Martha K Terris, MD, FACS is a member of the following medical societies: American Cancer Society, American College of Surgeons, American Institute of Ultrasound in Medicine, American Society of Clinical Oncology, American Urological Association, Association of Women Surgeons, New York Academy of Sciences, Society of Government Service Urologists, Society of University Urologists, Society of Urology Chairpersons and Program Directors, and Society of Women in Urology
Nearly every primary care physician, internist and geriatrician now understand that many older men retain an interest in sexual activity as they age. Some primary care physicians think that sexual potency in older men is the norm, and that if it is lacking, it is ‘all in the head.’ This viewpoint has not been supported by current literature. The Massachusetts Male Aging Study (MMAS) found that 52% of men between 40 and 70 years old reported having some form of erectile dysfunction (ED).1 The reality is that ED is a natural part of ageing and that the prevalence increases with age. In the MMAS, they found that roughly 50% of men at 50 years old, 60% of men at 60 years old and 70% of men at 70 years old had ED. Thus, nearly all men who live long enough should develop ED. The myths that surround the problems of impotence or ED confound the attempts of patients to receive treatment and the attempts of physicians to help them.1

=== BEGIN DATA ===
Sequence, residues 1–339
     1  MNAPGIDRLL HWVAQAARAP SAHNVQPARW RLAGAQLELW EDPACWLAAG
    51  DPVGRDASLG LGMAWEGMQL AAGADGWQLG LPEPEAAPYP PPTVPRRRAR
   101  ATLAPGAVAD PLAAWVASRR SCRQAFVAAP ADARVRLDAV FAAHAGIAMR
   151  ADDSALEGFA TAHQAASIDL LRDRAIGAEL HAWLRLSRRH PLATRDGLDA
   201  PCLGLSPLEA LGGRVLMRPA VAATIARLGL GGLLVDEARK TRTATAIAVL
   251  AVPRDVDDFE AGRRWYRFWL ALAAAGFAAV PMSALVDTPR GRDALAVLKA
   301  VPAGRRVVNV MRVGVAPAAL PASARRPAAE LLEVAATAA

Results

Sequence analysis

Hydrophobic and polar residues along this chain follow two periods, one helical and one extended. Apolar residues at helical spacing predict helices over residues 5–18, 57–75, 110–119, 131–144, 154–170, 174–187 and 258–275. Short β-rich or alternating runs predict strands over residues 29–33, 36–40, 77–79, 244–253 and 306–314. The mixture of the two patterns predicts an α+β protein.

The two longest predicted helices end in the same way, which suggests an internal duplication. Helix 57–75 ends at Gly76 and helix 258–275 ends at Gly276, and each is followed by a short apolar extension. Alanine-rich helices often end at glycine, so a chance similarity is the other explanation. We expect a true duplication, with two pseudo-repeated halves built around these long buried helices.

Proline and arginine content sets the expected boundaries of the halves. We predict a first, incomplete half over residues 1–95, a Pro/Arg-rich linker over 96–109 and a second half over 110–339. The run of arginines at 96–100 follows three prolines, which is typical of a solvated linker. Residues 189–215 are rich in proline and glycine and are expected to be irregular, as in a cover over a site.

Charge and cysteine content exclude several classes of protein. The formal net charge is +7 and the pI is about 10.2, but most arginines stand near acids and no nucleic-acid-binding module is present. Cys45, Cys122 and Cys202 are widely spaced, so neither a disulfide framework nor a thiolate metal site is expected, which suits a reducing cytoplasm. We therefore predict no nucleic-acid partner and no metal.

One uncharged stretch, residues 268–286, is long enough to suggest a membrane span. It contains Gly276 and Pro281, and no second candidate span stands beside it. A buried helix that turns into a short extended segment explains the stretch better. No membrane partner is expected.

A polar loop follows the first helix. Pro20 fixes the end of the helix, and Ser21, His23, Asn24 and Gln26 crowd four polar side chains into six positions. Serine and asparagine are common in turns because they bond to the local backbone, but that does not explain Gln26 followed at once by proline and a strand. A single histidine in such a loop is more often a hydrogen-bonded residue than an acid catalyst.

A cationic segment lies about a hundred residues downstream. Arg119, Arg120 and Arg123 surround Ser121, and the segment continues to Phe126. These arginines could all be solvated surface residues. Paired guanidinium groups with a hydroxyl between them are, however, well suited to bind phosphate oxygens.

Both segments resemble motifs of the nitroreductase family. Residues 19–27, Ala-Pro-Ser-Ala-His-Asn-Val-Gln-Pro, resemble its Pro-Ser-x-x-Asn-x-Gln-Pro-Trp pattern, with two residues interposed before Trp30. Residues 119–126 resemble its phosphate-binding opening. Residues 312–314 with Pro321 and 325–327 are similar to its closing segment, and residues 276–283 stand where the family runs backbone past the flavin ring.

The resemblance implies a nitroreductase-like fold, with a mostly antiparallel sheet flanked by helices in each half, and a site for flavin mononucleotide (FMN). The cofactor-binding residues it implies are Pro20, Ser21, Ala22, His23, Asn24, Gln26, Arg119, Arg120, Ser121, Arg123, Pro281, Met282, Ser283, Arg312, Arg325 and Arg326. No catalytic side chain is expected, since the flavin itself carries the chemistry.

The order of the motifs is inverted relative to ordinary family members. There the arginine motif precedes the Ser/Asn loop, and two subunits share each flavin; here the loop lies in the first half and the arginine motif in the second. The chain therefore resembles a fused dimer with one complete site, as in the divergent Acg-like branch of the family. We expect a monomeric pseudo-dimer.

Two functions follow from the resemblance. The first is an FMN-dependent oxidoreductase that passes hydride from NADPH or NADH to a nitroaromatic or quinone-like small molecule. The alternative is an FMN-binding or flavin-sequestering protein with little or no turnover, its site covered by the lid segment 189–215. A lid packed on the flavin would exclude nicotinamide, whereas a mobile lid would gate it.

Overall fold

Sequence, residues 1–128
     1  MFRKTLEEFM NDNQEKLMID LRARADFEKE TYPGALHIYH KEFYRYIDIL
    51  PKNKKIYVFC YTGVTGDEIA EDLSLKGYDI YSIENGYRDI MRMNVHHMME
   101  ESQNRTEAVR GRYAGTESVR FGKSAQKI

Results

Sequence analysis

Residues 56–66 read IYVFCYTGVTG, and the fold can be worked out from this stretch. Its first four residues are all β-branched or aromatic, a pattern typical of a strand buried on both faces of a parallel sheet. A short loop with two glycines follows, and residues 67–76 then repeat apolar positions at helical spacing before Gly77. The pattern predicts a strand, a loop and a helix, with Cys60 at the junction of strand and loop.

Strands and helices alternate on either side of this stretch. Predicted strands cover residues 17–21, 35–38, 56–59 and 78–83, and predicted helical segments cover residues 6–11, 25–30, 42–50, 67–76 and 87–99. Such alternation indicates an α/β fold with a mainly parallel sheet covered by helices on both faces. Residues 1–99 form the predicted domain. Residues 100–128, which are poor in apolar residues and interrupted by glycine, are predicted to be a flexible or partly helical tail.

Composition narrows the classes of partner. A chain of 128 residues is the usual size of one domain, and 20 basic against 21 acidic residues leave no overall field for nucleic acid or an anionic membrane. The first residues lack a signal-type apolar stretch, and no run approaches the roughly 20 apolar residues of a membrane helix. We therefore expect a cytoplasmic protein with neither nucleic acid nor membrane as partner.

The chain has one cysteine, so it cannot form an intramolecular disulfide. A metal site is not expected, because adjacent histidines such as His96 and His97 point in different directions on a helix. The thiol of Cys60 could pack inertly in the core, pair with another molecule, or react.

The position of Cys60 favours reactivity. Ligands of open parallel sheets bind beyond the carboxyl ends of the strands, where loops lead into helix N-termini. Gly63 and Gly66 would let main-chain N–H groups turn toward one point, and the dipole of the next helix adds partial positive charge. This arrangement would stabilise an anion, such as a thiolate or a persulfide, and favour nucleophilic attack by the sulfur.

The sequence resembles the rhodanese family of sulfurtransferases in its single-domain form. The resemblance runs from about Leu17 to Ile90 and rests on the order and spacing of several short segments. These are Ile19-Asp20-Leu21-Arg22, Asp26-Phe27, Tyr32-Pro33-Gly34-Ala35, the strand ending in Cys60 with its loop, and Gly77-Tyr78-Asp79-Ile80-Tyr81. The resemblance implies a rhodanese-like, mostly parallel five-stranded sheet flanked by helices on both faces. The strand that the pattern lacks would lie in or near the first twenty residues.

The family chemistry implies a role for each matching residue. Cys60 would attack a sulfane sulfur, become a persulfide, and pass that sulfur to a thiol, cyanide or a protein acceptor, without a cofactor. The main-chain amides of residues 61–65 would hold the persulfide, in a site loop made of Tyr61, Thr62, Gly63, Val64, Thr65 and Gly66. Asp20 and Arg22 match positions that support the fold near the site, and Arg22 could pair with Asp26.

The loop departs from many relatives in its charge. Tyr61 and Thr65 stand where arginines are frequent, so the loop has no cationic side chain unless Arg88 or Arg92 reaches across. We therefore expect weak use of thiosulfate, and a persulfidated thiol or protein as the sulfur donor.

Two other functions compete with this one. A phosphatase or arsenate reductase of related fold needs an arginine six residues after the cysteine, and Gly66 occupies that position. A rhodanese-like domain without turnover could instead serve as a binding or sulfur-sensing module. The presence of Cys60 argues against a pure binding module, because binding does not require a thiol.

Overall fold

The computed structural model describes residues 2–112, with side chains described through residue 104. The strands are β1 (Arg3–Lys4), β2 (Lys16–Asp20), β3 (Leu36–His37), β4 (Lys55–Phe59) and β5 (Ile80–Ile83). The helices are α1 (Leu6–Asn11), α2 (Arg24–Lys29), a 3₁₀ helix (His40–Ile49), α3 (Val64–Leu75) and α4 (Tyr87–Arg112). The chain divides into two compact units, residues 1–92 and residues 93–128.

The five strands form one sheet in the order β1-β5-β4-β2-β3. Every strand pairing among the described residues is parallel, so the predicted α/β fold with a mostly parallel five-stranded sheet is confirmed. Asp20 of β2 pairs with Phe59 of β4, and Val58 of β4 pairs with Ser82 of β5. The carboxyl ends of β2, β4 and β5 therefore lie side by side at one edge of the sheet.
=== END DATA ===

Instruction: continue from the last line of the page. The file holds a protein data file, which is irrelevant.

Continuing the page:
The dorsal artery provides for engorgement of the glans during erection, whereas the bulbourethral artery supplies the bulb and the corpus spongiosum. The cavernous artery effects tumescence of the corpus cavernosum and thus is principally responsible for erection. The cavernous artery gives off many helicine arteries, which supply the trabecular erectile tissue and the sinusoids. These helicine arteries are contracted and tortuous in the flaccid state and become dilated and straight during erection. 
Some may use alcohol as a way to get into the mood and overcome some of the nerves associated with having sex, but too much of a good thing can actually backfire. In fact, having a long history of alcohol abuse may lead to long-term erectile dysfunction. As many as 70 percent of men with chronic erectile dysfunction also have a history of alcohol abuse.